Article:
BASH.EXE-2.04$mount Device Directory Type flags C:\cygwin / user binmode C:\cygwin\bin /usr/bin user binmode C:\cygwin\lib /usr/lib user binmode D:\home /home user binmode  As you can see, the Cygwin mount command allows you to ‘mount’ arbitrary Windows directories as well as simple drive letters into the single filesystem seen by Cygwin applications. binmode The CYGWIN environment variable holds a space separated list of setup options which exert some minor control over the way the ‘cygwin1.dll’ (or ‘cygwinb19.dll’ etc.) behaves. One such option is the ‘binmode’ setting; if CYGWIN contains the ‘binmode’ option, files which are opened through ‘cygwin1.dll’ without an explicit text or binary mode, will default to binary mode which is closest to how Unix behaves. system calls cygwin1.dll’, GNU libc and other modern C API implementations accept extra flags for fopen and open calls to determine in which mode a file is opened. On Unix it makes no difference, and sadly most Unix programmers are not aware of this subtlety, so this tends to be the first thing that needs to be fixed when porting a Unix program to Cygwin. The best way to use these calls portably is to use the following macros with a package’s ‘configure.in’ to be sure that the extra arguments are available:  # _AB_AC_FUNC_FOPEN(b | t, USE_FOPEN_BINARY | USE_FOPEN_TEXT) # ----------------------------------------------------------- define([_AB_AC_FUNC_FOPEN], [AC_CACHE_CHECK([whether fopen accepts "$1" mode], [ab_cv_func_fopen_$1], [AC_TRY_RUN([#include int main () { FILE *fp = fopen ("conftest.bin", "w$1"); fprintf (fp, "\n"); fclose (fp); return 0; }], [ab_cv_func_fopen_$1=yes], [ab_cv_func_fopen_$1=no], [ab_cv_func_fopen_$1=no])]) if test x$ab_cv_func_fopen_$1 = xyes; then AC_DEFINE([$2], 1, [Define this if we can use the "$1" mode for fopen safely.]) fi[]dnl ])# _AB_AC_FUNC_FOPEN # AB_AC_FUNC_FOPEN_BINARY # ----------------------- # Test whether fopen accepts a "" in the mode string for binary file # opening. This makes no difference on most unices, but some OSes # convert every newline written to a file to two bytes (CR LF), and # every CR LF read from a file is silently converted to a newline. AC_DEFUN([AB_AC_FUNC_FOPEN_BINARY], [_AB_AC_FUNC_FOPEN(b, USE_FOPEN_BINARY)]) # AB_AC_FUNC_FOPEN_TEXT # --------------------- # Test whether open accepts a "t" in the mode string for text file # opening. This makes no difference on most unices, but other OSes # use it to assert that every newline written to a file writes two # bytes (CR LF), and every CR LF read from a file are silently # converted to a newline. AC_DEFUN([AB_AC_FUNC_FOPEN_TEXT], [_AB_AC_FUNC_FOPEN(t, USE_FOPEN_TEXT)]) # _AB_AC_FUNC_OPEN(O_BINARY|O_TEXT) # --------------------------------- AC_DEFUN([_AB_AC_FUNC_OPEN], [AC_CACHE_CHECK([whether fcntl.h defines$1], [ab_cv_header_fcntl_h_$1], [AC_EGREP_CPP([$1], [#include #include #include $1 ], [ab_cv_header_fcntl_h_$1=no], [ab_cv_header_fcntl_h_$1=yes]) if test "x$ab_cv_header_fcntl_h_$1" = xno; then AC_EGREP_CPP([_$1], [#include #include #include _$1 ], [ab_cv_header_fcntl_h_$1=0], [ab_cv_header_fcntl_h_$1=_$1]) fi]) if test "x$ab_cv_header_fcntl_h_$1" != xyes; then AC_DEFINE_UNQUOTED([$1], [$ab_cv_header_fcntl_h_$1], [Define this to a usable value if the system provides none]) fi[]dnl ])# _AB_AC_FUNC_OPEN # AB_AC_FUNC_OPEN_BINARY # ---------------------- # Test whether open accepts O_BINARY in the mode string for binary # file opening. This makes no difference on most unices, but some # OSes convert every newline written to a file to two bytes (CR LF), # and every CR LF read from a file is silently converted to a newline. # AC_DEFUN([AB_AC_FUNC_OPEN_BINARY], [_AB_AC_FUNC_OPEN([O_BINARY])]) # AB_AC_FUNC_OPEN_TEXT # -------------------- # Test whether open accepts O_TEXT in the mode string for text file # opening. This makes no difference on most unices, but other OSes # use it to assert that every newline written to a file writes two # bytes (CR LF), and every CR LF read from a file are silently # converted to a newline. # AC_DEFUN([AB_AC_FUNC_OPEN_TEXT], [_AB_AC_FUNC_OPEN([O_TEXT])])  Add the following preprocessor code to a common header file that will be included by any sources that use fopen calls:  #define fopen rpl_fopen  Save the following function to a file, and link that into your program so that in combination with the preprocessor magic above, you can always specify text or binary mode to open and fopen, and let this code take care of removing the flags on machines which do not support them:  #if HAVE_CONFIG_H # include #endif #include /* Use the system size_t if it has one, or fallback to config.h */ #if STDC_HEADERS || HAVE_STDDEF_H # include #endif #if HAVE_SYS_TYPES_H # include #endif /* One of the following headers will have prototypes for malloc and free on most systems. If not, we don't add explicit prototypes which may generate a compiler warning in some cases -- explicit prototypes would certainly cause compilation to fail with a type clash on some platforms. */ #if STDC_HEADERS || HAVE_STDLIB_H # include #endif #if HAVE_MEMORY_H # include #endif #if HAVE_STRING_H # include #else # if HAVE_STRINGS_H # include # endif /* !HAVE_STRINGS_H */ #endif /* !HAVE_STRING_H */ #if ! HAVE_STRCHR /* BSD based systems have index() instead of strchr() */ # if HAVE_INDEX # define strchr index # else /* ! HAVE_INDEX */ /* Very old C libraries have neither index() or strchr() */ # define strchr rpl_strchr static inline const char *strchr (const char *str, int ch); static inline const char * strchr (const char *str, int ch) { const char *p = str; while (p && *p && *p != (char) ch) { ++p; } return (*p == (char) ch) ? p : 0; } # endif /* HAVE_INDEX */ #endif /* HAVE_STRCHR */ /* BSD based systems have bcopy() instead of strcpy() */ #if ! HAVE_STRCPY # define strcpy(dest, src) bcopy(src, dest, strlen(src) + 1) #endif /* Very old C libraries have no strdup(). */ #if ! HAVE_STRDUP # define strdup(str) strcpy(malloc(strlen(str) + 1), str) #endif char* rpl_fopen (const char *pathname, char *mode) { char *result = NULL; char *p = mode; /* Scan to the end of mode until we find 'b' or 't'. */ while (*p && *p != 'b' && *p != 't') { ++p; } if (!*p) { fprintf(stderr, "*WARNING* rpl_fopen called without mode 'b' or 't'\n"); } #if USE_FOPEN_BINARY && USE_FOPEN_TEXT result = fopen(pathname, mode); #else { char ignore[3]= "bt"; char *newmode = strdup(mode); char *q = newmode; p = newmode; # if ! USE_FOPEN_TEXT strcpy(ignore, "b") # endif # if ! USE_FOPEN_BINARY strcpy(ignore, "t") # endif /* Copy characters from mode to newmode missing out b and/or t. */ while (*p) { while (strchr(ignore, *p)) { ++p; } *q++ = *p++; } *q = '\0'; result = fopen(pathname, newmode); free(newmode); } #endif /* USE_FOPEN_BINARY && USE_FOPEN_TEXT */ return result; }  The correct operation of the file above relies on several things having been checked by the configure script, so you will also need to ensure that the following macros are present in your ‘configure.in’ before you use this code:  # configure.in -- Process this file with autoconf to produce configure AC_INIT(rpl_fopen.c) AC_PROG_CC AC_HEADER_STDC AC_CHECK_HEADERS(string.h strings.h, break) AC_CHECK_HEADERS(stdlib.h stddef.h sys/types.h memory.h) AC_C_CONST AC_TYPE_SIZE_T AC_CHECK_FUNCS(strchr index strcpy strdup) AB_AC_FUNC_FOPEN_BINARY AB_AC_FUNC_FOPEN_TEXT   [ < ] [ > ] [ << ] [ Up ] [ >> ] [Top] [Contents] [Index] [ ? ] ### 25.3.2 File System Limitations We discussed some differences between Unix and Windows file systems in File system Issues. You learned about some of the differences between Unix and Windows file systems. This section expands on that discussion, covering filename differences and separator and drive letter distinctions.  [ < ] [ > ] [ << ] [ Up ] [ >> ] [Top] [Contents] [Index] [ ? ] #### 25.3.2.1 8.3 Filenames As discussed earlier, DOS file systems have severe restrictions on possible file names: they must follow an 8.3 format. See section DOS Filename Restrictions. This is quite a severe limitation, and affects some of the inner workings of GNU Autotools in two ways. The first is handled automatically, in that if .libs isn’t a legal directory name on the host system, Libtool and Automake will use the directory _libs instead. The other is that the traditional ‘config.h.in’ file is not legal under this scheme, and it must be worked around with a little known feature of Autoconf:  AC_CONFIG_HEADER(config.h:config.hin)   [ < ] [ > ] [ << ] [ Up ] [ >> ] [Top] [Contents] [Index] [ ? ] #### 25.3.2.2 Separators and Drive Letters As discussed earlier (see section Windows Separators and Drive Letters), the Windows file systems use different delimiters for separating directories and path elements than their Unix cousins. There are three places where this has an effect: the shell command line Up until Cygwin b20.1, it was possible to refer to drive letter prefixed paths from the shell using the ‘//c/path/to/file’ syntax to refer to the directory root at ‘C:\path\to\file’. Unfortunately, the Windows kernel confused this with the its own network share notation, causing the shell to pause for a short while to look for a machine named ‘c’ in its network neighbourhood. Since release 1.0 of Cygwin, the ‘//c/path/to/file’ notation now really does refer to a machine named ‘c’ from Cygwin as well as from Windows. To refer to drive letter rooted paths on the local machine from Cygwin there is a new hybrid ‘c:/path/to/file’ notation. This notation also works in Cygwin b20, and is probably the system you should use. On the other hand, using the new hybrid notation in shell scripts means that they won’t run on old Cygwin releases. Shell code embedded In ‘configure.in’ scripts, should test whether the hybrid notation works, and use an alternate macro to translate hybrid notation to the old style if necessary. I must confess that from the command line I now use the longer ‘/cygdrive/c/path/to/file’ notation, since <TAB> completion doesn’t yet work for the newer hybrid notation. It is important to use the new notation in shell scripts however, or they will fail on the latest releases of Cygwin. shell scripts For a shell script to work correctly on non-Cygwin development environments, it needs to be aware of and handle Windows path and directory separator and drive letters. The Libtool scripts use the following idiom:  case "$path" in # Accept absolute paths. [\\/]* | [A-Za-\]:[\\/]*) # take care of absolute paths insert some code here ;; *) # what is left must be a relative path insert some code here ;; esac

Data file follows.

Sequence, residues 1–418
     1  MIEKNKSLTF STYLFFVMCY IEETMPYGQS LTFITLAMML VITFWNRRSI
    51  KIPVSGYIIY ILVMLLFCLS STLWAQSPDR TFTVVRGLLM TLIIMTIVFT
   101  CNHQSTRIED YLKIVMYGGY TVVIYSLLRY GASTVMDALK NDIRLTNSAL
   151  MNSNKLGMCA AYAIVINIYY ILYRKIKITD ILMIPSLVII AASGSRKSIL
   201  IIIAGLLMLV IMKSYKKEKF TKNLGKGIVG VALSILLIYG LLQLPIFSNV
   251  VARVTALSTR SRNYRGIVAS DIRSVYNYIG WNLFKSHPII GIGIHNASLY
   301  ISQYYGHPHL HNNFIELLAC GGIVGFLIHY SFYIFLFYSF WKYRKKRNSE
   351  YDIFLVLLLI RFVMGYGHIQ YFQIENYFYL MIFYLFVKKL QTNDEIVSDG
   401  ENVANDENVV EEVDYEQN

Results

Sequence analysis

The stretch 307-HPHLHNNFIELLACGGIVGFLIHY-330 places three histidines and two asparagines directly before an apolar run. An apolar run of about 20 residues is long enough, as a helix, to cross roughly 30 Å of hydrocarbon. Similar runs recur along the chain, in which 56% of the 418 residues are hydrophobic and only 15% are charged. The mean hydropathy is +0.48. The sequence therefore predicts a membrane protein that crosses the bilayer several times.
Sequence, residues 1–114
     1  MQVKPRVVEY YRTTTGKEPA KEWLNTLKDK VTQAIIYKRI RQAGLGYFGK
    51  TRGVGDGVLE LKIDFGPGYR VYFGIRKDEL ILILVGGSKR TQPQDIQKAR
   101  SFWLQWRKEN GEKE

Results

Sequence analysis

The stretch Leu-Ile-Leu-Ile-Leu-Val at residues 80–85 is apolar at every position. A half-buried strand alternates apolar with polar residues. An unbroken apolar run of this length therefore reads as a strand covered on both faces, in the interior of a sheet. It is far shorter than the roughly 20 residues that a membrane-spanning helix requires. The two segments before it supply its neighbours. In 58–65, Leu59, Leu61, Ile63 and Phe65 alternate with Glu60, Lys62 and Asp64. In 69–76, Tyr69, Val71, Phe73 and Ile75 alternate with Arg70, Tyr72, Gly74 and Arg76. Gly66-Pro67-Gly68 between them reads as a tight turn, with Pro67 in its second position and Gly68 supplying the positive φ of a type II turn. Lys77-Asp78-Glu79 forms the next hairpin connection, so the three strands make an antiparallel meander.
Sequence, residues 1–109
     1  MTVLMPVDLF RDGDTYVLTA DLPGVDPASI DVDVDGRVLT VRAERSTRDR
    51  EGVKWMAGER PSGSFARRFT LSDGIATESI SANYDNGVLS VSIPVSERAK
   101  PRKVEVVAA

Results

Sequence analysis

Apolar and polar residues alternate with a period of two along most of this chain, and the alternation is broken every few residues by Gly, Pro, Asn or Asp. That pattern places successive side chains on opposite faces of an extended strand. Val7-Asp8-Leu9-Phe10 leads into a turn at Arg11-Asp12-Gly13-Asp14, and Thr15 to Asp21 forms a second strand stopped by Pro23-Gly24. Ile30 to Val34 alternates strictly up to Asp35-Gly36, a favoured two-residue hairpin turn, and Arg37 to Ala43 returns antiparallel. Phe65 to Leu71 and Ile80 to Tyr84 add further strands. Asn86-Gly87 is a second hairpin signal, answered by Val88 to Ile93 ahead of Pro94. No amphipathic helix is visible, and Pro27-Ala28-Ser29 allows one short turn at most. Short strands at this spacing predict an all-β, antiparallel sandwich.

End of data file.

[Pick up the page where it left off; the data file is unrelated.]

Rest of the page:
source code